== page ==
Invertebrates: High diversity but low on conservation agenda

by Nipu Kumar Das


Well, we are aware of the extinction of megafaunal species like Dinosaur, Dodo, Woolly mammoth, and so on. However, if asked about the extinction of invertebrates like snails, ants or spiders, we might frown the brows in doubt! You will be surprised to know that mollusc (the soft-bodied organisms such as snails, slugs, clams, etc.) has the highest rate of extinction that comprises of approximately 39.12% total animal species that have disappeared since 1700 AD. Likewise, Insects alone witnessed 6% of the total animal extinction (IUCN Red list 2020).


A Tarrantula (Theraphosidae) spider

Photo: Udayan Borthakur

The loss of charismatic animals such as mammals and birds, amphibians and reptiles, has been documented and prominently featured in the popular media. The limelight of conservation is always on the larger vertebrates. Efforts by India’s National Tiger Conservation Authorities groundbreaking work on Indian tigers; Government efforts in conservation of species like One-horned Rhino, Pygmy Hog etc.; non-governmental organizations (NGO) like Aaranyak’s effort towards the community-based protection and conservation work on Greater Adjutant Stork in Assam, Dakshin Foundation’s work on Sea Turtle conservation, etc., are commendable. Recent literature estimated that vertebrates have received more attention in conservation related research across terrestrial, freshwater, and marine habitats [1]. On the contrary, invertebrates receive very less attention globally and attract a disproportionately minor research effort (funding and interest), although they are comprising of nearly 99% of animal diversity [2]. This kind of bias in conservation research has direct consequences on funding, scientific study, and policymaking and thus conservation.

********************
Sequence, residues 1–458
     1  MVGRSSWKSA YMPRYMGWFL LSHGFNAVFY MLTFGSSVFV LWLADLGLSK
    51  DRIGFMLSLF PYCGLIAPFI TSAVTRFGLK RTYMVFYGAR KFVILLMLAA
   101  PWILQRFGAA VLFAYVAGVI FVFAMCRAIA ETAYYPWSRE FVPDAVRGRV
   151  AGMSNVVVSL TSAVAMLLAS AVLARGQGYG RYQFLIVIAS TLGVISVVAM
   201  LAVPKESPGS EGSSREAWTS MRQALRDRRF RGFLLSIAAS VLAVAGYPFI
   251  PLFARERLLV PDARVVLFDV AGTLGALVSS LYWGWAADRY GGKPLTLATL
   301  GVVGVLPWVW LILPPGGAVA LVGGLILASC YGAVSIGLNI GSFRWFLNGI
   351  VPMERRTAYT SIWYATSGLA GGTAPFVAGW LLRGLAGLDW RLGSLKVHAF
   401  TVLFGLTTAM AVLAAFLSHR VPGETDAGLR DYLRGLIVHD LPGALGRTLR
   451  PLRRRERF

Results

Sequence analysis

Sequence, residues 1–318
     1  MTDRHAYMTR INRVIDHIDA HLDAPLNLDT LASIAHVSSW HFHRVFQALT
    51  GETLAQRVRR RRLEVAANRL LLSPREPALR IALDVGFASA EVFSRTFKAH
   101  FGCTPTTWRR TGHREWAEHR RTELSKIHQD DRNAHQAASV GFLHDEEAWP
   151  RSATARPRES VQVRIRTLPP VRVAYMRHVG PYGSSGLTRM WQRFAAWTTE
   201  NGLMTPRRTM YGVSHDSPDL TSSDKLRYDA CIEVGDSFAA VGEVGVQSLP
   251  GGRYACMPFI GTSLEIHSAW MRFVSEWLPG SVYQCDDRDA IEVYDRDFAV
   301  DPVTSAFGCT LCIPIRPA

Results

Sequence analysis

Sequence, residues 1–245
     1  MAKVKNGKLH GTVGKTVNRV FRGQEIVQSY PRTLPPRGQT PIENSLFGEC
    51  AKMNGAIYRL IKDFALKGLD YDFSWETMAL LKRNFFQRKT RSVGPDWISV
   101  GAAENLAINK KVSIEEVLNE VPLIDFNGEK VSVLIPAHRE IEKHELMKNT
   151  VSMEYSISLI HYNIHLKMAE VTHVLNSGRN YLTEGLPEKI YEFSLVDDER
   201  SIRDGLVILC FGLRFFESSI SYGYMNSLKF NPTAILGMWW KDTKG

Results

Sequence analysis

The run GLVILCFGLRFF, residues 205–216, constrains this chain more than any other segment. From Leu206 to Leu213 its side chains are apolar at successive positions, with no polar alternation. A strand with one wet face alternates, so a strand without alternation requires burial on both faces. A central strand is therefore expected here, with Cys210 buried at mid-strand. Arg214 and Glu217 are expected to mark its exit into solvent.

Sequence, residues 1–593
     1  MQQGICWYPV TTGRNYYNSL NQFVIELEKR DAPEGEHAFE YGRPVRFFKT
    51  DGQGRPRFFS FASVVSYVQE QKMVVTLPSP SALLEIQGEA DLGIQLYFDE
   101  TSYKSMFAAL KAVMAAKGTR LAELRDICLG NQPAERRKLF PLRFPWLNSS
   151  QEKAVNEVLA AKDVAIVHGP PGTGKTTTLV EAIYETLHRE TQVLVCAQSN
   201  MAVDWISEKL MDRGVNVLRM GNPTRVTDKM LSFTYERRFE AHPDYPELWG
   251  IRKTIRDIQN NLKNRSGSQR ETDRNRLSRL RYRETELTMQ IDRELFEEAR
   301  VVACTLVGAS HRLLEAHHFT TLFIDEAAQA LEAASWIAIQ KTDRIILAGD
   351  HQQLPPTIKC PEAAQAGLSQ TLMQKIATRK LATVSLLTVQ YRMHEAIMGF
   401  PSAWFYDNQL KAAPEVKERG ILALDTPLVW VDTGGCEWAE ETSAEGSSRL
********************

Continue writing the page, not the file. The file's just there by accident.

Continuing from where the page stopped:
Invertebrate plays a significant role in our ecosystem. They are a food source for many vertebrates in the food chain and are also known to be important ecological indicators, thus helping in understanding of environmental health. Pollination service is one of the major roles provided by bees, wasps, flies, butterflies, and moths. Unfortunately, according to Food and Agriculture Organizations of the United States (FAO) 2020, about 40% of invertebrate pollinator species (particularly bees and butterflies) are facing extinction at the global scale. Thus, there are many such roles played by invertebrates which go unnoticed.


Indian scenario